For section 113 cases, the argument for comparative responsibility is straightforward. Section 113(f) specifically requires that response costs be allocated among responsible parties based on equitable factors. 42 U.S.C. § 9613(f)(1). Given the magnitude of orphan shares at many sites, courts cannot equitably allocate total site-response costs without equitably allocating orphan shares, too.
For section 107 cases, the argument for comparative responsibility rather than joint and several liability is equally compelling, albeit not as simple. Remember, joint and several liability is not mandated in section 107 actions. The statute says nothing about joint and several, Burlington Northern was a governmental action, and Atlantic expressly did not decide the issue. As the Supreme Court recently observed, CERCLA legislative history indicates Congress intended the scope of liability to be governed by “traditional and evolving principles of common law.” Burlington Northern, 556 U.S. at 613.
The traditional common-law rationale for joint and several liability among multiple tortfeasors is that the orphan-share burden should fall on culpable defendants rather than on the innocent plaintiff. This traditional rationale is not advanced, however, where the plaintiff is not innocent. Restatement (Third) of Torts: Apportionment of Liability § 10 cmt. a. Indeed, traditionally at common law, contributory negligence barred any recovery by the plaintiff. So traditional principles of common law do not favor joint and several liability for private CERCLA actions by responsible parties.
Neither do evolving principles of common law. As reflected by the Restatement (Third) of Torts, the vast majority of states have adopted some form of comparative responsibility, both as between liable plaintiffs and defendants (rather than contributory negligence) and among multiple liable defendants (rather than joint and several liability). See Restatement (Third) of Torts: Apportionment of Liability §§ 7, 17.
Of course, as discussed above, Congress has expressly adopted a comparative responsibility system for CERCLA § 113 cases. There is no reason why the equitable allocation approach of section 113 should not be the rule in section 107 actions as well. Courts for years prior to the Aviall-Atlantic watershed allocated cleanup costs and orphan shares equitably where plaintiffs engaged in voluntary cleanups that would now be governed by section 107. See, e.g., Pinal Creek Group v. Newmont Mining Corp., 118 F.3d 1298 (9th Cir. 1997).
Contribution Counterclaims Are Counterproductive
Even the Atlantic Court, in assuming that joint and several liability applies in private section 107 claims, reasoned that cleanup costs could be equitably allocated if the defendant asserted a section 113 counterclaim. 551 U.S. at 140. A few lower courts recently have followed up on the Atlantic Court’s suggestion, holding multiple defendants jointly and severally liable under section 107 but allocating cleanup costs and orphan shares among plaintiffs and defendants based on a section 113 counterclaim. See Litgo New Jersey, Inc. v. Martin, 2010 WL 2400388 (D.N.J. June 10, 2010). While equitable allocation of cleanup costs and orphan shares in private 107 actions is a laudable end, employing a contribution counterclaim to achieve it is a flawed means for at least three reasons.
First, it is contrary to principles of joint and several liability and rules of civil procedure. Under joint and several liability, the defendant is responsible for joining or otherwise seeking contribution from non-party responsible parties. See Restatement (Third) of Torts: Apportionment of Liability § 10 cmts. a & b. It is unclear how a section 113 counterclaim could trump the complaint such that a plaintiff becomes responsible for a share of costs attributable to non-parties. As a professor of environmental law and civil procedure has observed, “contribution counterclaim” is an oxymoron. Alfred Light, CERCLA’s Wooden Iron: The Contribution Counterclaim, 23 Toxics L. Rep. (BNA) 642 (July 24, 2008).
Second, it needlessly complicates the case. Procedurally, it adds an unnecessary round of pleading: there is no need for a counterclaim and answer thereto in section 113 cases or in my proposed uniform paradigm. Perhaps more importantly, where joint and several liability remains a possibility, courts must deal with complicated divisibility arguments by defendants seeking to evade joint and several liability, as so often occurs in governmental section 107 cases. No such divisibility arguments are necessary in section 113 cases or my proposed uniform paradigm; after parties are shown to be liable at a site, the court simply allocates response costs among the liable parties based on equitable factors.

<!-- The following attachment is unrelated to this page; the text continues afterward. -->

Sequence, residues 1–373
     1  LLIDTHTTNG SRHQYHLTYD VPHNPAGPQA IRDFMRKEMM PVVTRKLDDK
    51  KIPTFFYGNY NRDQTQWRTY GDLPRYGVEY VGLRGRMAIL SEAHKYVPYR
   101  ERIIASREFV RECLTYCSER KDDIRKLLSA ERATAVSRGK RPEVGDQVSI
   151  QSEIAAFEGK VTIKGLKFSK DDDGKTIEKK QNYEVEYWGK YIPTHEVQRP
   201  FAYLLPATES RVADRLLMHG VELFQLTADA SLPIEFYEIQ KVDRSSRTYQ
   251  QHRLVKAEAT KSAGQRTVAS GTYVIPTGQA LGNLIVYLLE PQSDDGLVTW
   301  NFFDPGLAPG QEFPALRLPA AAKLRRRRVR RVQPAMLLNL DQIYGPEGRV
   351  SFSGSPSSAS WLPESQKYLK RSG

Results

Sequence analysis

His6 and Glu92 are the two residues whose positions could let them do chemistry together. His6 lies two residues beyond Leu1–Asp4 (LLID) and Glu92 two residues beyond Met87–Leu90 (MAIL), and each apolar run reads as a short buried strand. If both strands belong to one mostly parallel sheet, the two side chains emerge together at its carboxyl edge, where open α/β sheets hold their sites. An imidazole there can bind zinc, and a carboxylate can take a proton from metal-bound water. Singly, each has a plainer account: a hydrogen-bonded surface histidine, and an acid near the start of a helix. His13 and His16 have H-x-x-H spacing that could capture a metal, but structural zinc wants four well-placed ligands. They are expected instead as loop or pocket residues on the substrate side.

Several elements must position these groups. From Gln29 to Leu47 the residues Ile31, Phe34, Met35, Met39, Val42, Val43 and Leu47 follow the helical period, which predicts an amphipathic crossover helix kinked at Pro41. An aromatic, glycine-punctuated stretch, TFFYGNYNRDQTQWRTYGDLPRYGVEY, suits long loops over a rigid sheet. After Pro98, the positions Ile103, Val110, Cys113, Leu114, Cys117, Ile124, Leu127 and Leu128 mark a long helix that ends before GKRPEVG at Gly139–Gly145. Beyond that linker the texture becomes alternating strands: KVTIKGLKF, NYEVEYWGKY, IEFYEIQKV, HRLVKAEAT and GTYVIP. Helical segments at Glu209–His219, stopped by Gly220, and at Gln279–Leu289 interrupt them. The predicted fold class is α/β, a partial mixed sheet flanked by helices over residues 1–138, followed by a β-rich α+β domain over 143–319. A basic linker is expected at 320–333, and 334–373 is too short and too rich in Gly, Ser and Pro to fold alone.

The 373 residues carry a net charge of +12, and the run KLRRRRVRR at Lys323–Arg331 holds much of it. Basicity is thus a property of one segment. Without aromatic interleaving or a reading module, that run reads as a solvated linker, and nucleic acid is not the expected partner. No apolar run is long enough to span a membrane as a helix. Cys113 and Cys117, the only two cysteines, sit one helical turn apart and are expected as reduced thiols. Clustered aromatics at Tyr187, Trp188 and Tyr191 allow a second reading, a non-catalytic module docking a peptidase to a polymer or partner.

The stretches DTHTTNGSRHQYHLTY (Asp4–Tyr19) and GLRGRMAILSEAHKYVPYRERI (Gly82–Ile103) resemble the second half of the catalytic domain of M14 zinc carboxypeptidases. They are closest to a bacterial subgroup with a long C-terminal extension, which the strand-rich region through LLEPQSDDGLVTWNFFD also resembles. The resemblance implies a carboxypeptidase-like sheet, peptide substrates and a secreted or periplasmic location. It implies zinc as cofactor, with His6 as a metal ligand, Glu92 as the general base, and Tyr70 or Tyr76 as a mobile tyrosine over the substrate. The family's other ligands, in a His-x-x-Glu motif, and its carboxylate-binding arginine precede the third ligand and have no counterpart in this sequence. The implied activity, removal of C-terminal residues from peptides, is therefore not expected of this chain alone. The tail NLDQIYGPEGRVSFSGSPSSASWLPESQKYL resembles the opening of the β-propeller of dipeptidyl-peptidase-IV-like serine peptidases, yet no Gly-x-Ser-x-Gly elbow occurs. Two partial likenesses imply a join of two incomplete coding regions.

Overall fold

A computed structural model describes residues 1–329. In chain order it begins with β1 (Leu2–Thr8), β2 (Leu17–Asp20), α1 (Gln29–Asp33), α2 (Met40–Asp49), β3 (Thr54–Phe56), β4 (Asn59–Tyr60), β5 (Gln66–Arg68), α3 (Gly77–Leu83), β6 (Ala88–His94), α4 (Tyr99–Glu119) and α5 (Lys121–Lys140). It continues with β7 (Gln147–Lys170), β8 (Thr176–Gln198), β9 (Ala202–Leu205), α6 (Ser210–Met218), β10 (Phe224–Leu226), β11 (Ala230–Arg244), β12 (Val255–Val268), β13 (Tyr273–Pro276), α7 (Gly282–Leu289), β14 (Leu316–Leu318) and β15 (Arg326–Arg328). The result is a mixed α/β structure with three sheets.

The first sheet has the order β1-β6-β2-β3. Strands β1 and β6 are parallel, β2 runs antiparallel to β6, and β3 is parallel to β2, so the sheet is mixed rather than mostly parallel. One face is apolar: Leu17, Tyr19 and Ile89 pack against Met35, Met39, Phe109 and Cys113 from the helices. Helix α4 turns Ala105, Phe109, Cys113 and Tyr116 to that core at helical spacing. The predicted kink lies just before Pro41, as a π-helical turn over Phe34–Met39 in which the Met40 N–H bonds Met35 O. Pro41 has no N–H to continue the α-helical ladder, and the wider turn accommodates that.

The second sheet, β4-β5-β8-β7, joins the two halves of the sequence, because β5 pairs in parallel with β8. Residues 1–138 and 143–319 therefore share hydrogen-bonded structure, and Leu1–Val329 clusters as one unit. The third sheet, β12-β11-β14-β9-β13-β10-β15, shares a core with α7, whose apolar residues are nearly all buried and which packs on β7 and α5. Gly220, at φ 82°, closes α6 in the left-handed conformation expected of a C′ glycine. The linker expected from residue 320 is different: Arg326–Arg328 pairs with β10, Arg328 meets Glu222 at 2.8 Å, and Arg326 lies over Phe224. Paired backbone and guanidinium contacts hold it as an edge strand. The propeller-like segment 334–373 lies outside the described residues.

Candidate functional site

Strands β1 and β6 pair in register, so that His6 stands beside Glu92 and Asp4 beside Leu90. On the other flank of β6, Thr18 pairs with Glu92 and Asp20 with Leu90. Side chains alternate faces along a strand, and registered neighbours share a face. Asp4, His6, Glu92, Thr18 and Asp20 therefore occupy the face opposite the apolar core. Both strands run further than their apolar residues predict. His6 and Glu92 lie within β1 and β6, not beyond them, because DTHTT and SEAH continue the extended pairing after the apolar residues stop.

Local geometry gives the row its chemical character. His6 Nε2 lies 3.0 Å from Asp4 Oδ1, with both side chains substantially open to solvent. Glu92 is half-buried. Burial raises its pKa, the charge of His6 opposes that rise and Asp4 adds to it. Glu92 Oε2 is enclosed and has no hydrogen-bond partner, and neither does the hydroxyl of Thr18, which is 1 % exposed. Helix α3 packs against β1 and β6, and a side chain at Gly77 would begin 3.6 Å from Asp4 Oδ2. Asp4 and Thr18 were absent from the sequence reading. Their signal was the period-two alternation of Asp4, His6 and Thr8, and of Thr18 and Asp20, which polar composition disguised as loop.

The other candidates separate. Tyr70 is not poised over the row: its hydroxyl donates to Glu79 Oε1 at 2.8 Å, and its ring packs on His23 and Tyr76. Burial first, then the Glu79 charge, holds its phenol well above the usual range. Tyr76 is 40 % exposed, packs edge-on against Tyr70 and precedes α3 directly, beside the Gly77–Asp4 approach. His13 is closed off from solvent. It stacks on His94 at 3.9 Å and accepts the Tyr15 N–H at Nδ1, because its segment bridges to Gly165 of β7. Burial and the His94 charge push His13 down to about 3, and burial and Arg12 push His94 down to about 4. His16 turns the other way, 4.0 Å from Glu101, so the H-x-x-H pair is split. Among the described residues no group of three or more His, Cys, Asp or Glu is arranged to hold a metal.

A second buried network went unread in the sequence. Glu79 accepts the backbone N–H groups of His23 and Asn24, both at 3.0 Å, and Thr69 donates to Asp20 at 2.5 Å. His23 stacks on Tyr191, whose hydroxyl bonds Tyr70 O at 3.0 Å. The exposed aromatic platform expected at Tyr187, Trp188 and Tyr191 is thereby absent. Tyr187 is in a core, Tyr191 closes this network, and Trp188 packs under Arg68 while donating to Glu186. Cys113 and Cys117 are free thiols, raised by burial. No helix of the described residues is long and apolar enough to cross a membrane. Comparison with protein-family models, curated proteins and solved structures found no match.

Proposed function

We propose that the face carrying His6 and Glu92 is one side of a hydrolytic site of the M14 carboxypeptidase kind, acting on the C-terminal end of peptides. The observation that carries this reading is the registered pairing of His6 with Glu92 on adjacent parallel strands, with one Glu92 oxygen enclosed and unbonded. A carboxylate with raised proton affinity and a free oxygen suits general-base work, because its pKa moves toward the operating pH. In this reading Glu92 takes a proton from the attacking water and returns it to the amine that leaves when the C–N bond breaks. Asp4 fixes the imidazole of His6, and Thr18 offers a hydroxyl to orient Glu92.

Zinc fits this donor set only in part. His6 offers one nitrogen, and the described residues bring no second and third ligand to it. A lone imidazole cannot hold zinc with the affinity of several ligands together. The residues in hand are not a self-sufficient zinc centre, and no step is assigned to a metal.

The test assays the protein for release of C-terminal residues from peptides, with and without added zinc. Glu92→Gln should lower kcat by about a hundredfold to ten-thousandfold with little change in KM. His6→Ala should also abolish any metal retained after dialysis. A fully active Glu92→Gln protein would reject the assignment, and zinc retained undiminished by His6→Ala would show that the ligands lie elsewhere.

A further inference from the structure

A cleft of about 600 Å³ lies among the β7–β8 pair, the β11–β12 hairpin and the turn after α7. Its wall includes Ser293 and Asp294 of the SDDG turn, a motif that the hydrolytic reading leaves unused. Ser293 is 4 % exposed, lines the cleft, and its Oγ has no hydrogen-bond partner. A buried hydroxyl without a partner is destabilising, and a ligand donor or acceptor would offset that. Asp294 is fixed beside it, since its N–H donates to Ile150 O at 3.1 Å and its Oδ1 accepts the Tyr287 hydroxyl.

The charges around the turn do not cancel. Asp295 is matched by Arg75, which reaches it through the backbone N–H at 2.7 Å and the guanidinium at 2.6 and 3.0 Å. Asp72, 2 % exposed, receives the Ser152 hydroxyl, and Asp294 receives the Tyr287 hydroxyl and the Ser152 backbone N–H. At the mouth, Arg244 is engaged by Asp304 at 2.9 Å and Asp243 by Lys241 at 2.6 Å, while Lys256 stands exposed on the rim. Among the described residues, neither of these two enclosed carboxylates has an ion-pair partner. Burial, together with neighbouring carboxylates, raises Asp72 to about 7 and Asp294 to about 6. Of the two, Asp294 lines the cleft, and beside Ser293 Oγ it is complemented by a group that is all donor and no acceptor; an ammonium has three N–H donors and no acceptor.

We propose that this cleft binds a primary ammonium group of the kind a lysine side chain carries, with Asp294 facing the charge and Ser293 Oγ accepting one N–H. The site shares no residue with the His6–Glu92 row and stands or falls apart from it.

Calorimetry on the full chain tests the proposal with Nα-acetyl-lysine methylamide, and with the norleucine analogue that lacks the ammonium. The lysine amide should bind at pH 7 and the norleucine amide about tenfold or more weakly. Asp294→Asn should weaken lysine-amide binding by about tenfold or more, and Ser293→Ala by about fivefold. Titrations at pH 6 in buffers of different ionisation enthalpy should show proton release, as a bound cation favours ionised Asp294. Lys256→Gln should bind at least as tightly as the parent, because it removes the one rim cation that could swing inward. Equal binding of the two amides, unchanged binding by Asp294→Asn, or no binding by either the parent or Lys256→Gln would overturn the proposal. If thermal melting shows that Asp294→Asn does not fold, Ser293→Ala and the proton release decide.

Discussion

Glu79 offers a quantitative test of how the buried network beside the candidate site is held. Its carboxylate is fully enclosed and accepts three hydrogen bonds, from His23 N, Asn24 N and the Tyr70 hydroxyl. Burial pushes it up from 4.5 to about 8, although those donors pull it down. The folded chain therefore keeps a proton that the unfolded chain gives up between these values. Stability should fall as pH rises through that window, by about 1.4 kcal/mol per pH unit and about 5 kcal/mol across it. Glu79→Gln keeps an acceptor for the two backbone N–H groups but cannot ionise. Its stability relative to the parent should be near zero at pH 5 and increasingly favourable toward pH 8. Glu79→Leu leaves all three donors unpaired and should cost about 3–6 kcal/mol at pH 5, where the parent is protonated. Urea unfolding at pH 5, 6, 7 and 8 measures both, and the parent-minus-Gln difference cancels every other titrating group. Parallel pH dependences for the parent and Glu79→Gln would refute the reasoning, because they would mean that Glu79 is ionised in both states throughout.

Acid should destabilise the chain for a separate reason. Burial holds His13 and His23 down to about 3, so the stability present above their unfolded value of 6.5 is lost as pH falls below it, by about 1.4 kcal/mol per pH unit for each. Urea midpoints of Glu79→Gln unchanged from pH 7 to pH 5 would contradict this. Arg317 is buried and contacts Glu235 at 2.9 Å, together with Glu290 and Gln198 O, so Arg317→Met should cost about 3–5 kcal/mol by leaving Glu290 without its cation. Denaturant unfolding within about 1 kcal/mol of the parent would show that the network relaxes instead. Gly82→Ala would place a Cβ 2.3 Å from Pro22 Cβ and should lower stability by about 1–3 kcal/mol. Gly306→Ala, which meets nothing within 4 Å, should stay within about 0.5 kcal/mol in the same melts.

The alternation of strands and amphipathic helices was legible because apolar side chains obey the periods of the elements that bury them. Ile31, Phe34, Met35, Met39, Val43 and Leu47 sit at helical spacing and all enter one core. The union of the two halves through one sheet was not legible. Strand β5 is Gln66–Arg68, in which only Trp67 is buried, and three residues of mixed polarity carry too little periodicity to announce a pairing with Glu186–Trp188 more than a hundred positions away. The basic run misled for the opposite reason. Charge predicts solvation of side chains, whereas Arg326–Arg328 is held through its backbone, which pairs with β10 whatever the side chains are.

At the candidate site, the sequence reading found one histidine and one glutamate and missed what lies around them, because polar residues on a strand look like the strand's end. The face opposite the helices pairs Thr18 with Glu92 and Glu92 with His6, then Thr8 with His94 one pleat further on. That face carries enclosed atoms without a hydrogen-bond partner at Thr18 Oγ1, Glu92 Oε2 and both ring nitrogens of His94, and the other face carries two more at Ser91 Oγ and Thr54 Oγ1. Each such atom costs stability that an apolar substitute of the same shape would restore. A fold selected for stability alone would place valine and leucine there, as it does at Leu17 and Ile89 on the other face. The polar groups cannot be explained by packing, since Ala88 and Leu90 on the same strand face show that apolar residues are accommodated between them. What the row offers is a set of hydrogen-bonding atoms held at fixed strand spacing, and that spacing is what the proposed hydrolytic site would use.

Third, it may lead to inequitable results. Section 113(f)(2) provides contribution protection to a party who settles its CERCLA liability with the government. Contribution protection is designed to encourage settlements with the government, because the settler knows it will not be sued by other parties or have to pay more. However, Atlantic held that section 113(f)(2) protects the settler only from section 113 contribution suits, not section 107 cost-recovery actions. 551 U.S. at 140. If a plaintiff settles with the government and gets contribution protection, then sues the defendant under section 107 for costs the plaintiff incurred at the site, the defendant could be barred from asserting a section 113 counterclaim—thus making the defendant liable for 100 percent of the plaintiff’s cleanup costs and all orphan shares as a matter of law. See Agere System, Inc. v. Advanced Environmental Technology Corp., 602 F.3d 204, 228 (3d Cir. 2010).
The Supreme Court in Aviall and Atlantic ushered in a new era in private CERCLA litigation, expanding the availability of private section 107 claims. However, those cases also increased the potential for joint and several liability and defendants bearing a disproportionate response cost and orphan-share burden as a matter of law, even where the plaintiff is more culpable. This article posits that courts should discard joint and several liability in private CERCLA actions. Rather, courts should apply a uniform scope of liability in all private CERCLA actions, whether under section 107 or section 113, whereby cleanup costs and orphan shares are allocated equitably among all responsible parties, both plaintiffs and defendants, without the need for counterproductive contrivances like contribution counterclaims.
Keywords: environmental litigation, cost recovery, cleanup, orphan shares, Aviall, Atlantic
Kenneth Kilbert is associate dean for academic affairs and professor of law at the University of Toledo College of Law in Toledo, Ohio. For a more in-depth treatment of this topic, see Kenneth Kilbert, Neither Joint Nor Several: Orphan Shares and Private CERCLA Actions, 41 Envtl. L. 1045 (2011).